A while back, I had another roundtable discussion at the Film Photographers Association. This time the subject was Still Life Photography. It is a genre we all take for granted and include in it a great variety of photographs. I would like to explore the origins of still life in painting, how it came to photography, and eventually expanded in coverage and scope. Mind you, I do not intend to limit anyone’s vision but to make the reader a bit more aware of the origins of still life. And, by no means, is it the last word on the subject.
Still Life Origins
Still life is the translation of nature morte as it started in painting. The literal meaning was “dead nature” as it often depicted objects from nature but not living ones. Oftentimes, the subjects included game birds, cut-flowers, picked fruits, seashells, caught fish, and the like. At its core, still life art depicts anything that is dead or not moving. The English translation seems to have focused on the “not moving,” although the “dead” context adds a multi-layered meaning.
While the typical elements included in this genre of work tend to celebrate the material pleasures of life by including things like food, wine, etc. they also point at the transient nature of these elements and the shortness of human life. In fact, memento mori (remember you must die) as a reminder of mortality is a related kind of work to still life.
The emergence of still life painting in the sixteenth century, perhaps with religious motives, continued through the current time. This may be due in part to the freedom it offers in placing the elements where the artist wants, utmost control on “composition” so to speak. Still life works gradually included anything that did not move as well as those that are dead. In addition to creating still life works per se, artists also included elements of still life in other genres of work, such as portraits, in supporting roles.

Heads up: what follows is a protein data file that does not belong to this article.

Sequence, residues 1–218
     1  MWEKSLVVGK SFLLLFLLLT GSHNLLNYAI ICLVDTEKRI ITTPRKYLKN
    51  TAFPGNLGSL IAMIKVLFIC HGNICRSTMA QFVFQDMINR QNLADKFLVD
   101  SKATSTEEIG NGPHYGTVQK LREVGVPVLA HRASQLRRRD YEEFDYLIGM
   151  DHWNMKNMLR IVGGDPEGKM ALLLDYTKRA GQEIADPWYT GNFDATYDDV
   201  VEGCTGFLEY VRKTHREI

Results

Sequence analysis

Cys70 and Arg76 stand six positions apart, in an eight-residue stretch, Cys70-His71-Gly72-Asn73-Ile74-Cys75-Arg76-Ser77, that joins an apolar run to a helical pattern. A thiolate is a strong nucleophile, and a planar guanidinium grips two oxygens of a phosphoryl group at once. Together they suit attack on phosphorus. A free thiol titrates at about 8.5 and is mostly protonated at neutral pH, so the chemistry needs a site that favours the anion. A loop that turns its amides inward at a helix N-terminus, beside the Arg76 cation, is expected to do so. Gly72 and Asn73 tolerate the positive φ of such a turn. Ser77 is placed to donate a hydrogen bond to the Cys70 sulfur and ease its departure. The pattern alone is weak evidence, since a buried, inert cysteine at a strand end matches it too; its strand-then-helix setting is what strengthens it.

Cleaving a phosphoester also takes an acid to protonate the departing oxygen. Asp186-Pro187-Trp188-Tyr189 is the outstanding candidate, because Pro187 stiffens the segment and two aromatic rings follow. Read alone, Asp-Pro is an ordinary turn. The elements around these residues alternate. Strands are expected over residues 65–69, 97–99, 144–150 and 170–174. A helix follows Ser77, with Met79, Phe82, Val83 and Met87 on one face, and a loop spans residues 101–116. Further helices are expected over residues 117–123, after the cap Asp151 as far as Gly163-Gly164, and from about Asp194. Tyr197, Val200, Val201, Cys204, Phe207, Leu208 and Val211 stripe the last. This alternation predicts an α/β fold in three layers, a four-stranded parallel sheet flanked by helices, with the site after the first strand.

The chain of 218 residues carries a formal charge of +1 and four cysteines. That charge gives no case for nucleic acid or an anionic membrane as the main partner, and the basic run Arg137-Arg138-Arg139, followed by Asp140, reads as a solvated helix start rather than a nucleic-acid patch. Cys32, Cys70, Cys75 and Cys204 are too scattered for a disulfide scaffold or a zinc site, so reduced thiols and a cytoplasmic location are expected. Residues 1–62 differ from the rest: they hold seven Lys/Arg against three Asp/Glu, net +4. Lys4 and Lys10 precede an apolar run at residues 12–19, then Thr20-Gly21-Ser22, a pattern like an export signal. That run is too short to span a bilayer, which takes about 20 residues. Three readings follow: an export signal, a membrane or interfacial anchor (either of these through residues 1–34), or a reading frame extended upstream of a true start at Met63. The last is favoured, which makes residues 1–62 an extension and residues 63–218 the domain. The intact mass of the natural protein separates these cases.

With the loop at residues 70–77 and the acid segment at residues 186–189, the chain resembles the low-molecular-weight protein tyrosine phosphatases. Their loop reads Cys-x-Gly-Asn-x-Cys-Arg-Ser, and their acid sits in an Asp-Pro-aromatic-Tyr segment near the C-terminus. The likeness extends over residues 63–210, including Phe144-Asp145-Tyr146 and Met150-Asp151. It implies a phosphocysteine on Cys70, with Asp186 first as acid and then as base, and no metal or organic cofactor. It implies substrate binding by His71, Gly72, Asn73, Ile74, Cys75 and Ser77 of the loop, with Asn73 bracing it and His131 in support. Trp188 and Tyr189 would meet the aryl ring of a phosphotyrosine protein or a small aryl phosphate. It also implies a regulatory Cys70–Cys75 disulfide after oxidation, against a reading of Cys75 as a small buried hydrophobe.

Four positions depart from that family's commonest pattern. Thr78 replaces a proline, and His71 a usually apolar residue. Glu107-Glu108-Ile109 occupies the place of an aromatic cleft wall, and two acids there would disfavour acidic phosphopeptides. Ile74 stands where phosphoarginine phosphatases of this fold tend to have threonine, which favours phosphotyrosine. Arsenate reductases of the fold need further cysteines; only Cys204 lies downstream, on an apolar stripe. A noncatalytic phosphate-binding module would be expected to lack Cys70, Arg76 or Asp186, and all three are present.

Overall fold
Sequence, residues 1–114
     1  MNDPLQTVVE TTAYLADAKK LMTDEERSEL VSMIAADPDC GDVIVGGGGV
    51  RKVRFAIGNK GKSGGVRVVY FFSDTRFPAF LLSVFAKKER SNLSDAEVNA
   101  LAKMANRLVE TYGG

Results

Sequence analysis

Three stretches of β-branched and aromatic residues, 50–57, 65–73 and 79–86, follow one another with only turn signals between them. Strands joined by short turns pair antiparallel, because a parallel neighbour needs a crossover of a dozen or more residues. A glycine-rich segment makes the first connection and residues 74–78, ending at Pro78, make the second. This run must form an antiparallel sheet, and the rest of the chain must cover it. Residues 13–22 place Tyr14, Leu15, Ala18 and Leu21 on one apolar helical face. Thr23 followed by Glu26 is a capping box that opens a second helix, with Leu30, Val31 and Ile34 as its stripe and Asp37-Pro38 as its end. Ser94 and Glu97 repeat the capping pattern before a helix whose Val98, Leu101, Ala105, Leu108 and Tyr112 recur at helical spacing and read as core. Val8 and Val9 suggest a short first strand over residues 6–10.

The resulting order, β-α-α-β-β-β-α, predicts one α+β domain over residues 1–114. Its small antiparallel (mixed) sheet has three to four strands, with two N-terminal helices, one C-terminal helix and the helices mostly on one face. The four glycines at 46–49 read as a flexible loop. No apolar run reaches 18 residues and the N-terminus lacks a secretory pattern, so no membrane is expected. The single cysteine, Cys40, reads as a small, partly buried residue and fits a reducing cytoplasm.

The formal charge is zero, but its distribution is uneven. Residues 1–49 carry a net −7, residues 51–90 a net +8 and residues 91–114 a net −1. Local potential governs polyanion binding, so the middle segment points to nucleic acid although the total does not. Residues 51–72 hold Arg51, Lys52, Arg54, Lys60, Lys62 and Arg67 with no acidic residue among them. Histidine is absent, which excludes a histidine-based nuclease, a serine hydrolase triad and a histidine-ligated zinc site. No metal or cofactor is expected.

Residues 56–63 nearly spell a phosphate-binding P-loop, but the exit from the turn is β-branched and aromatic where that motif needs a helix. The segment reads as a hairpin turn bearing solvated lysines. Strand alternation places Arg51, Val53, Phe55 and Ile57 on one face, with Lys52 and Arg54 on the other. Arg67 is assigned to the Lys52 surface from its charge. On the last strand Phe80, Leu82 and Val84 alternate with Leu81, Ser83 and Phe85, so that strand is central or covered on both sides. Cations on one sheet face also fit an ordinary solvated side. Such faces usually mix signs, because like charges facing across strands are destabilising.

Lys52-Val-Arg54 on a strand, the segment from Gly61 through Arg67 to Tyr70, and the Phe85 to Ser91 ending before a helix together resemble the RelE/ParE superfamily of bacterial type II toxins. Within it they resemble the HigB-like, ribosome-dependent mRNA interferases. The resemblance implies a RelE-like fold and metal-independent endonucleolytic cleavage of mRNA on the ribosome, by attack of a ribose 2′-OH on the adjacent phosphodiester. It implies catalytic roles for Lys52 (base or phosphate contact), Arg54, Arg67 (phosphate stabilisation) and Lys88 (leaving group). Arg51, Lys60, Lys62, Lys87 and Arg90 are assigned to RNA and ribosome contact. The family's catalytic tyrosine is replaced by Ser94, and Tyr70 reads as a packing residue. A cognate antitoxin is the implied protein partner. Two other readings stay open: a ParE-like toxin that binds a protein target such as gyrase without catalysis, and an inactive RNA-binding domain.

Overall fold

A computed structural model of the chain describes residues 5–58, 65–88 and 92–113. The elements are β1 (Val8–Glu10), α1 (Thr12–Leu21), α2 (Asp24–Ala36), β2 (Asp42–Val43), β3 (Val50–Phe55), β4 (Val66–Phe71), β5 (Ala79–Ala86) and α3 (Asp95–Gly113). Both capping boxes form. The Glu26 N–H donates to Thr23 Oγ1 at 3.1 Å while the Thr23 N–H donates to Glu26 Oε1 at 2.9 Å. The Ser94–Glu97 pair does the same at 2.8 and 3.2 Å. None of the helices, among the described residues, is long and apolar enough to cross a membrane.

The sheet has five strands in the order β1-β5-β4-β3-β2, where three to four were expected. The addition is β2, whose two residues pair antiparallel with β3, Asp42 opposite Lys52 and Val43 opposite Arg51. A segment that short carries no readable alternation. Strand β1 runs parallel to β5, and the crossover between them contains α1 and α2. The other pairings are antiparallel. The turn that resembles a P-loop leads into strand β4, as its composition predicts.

Take for instance The Ambassadors by Holbein which is a portrait of the two ambassadors to England in exquisite detail. The addition of the still life elements brings complex and layered meanings to the masterpiece. While the objects related to astronomy depict the heavens and the measurement of time on top of the table, the bottom shelf with a lute, hymn notes, and a terrestrial globe focuses on representing time on earth.
There are many hidden elements but I would like to point out the object on the floor which was likened to a piece of driftwood by some. A more careful look will show it as a seriously deformed painting of a skull, a memento mori. I took and distorted the painting as if being viewed from an extreme angle. This makes the skull easily visible reminding all the transient nature of life. See the first image, then the second which has the image corrected for the skull, but I left it on top of the original to give an idea about the nature of the distortion. It is uncanny how Holbein pulled this off!
Still Life Photography
Starting with such a rich historical and artistic background, still life photography followed the same path of using nature morte and produced many classical works. Photography even recorded the deceased as a reminder of death and mortality. See, for instance, Eugene Smith’s Spanish Wake with a dead man lying surrounded by mourners. But, to a large extent, still life photography grew partly in the tradition of nature mort and partly by including objects that did not move.
Today, photographers practice still life photography in many forms from product photography to table-top photography, from flower arrangements to found objects or found still lifes. Many great photographers left behind a rich collection of still lifes some of which I chose to present below. I believe that understanding the symbolic meaning of objects and using them as part of your vocabulary may enrich your photographic “writing.” Additionally, acquiring such vocabulary will help all to better read and understand photographs beyond an iconic level of language: “What is it?”
Here is a collection of still life photography and paintings.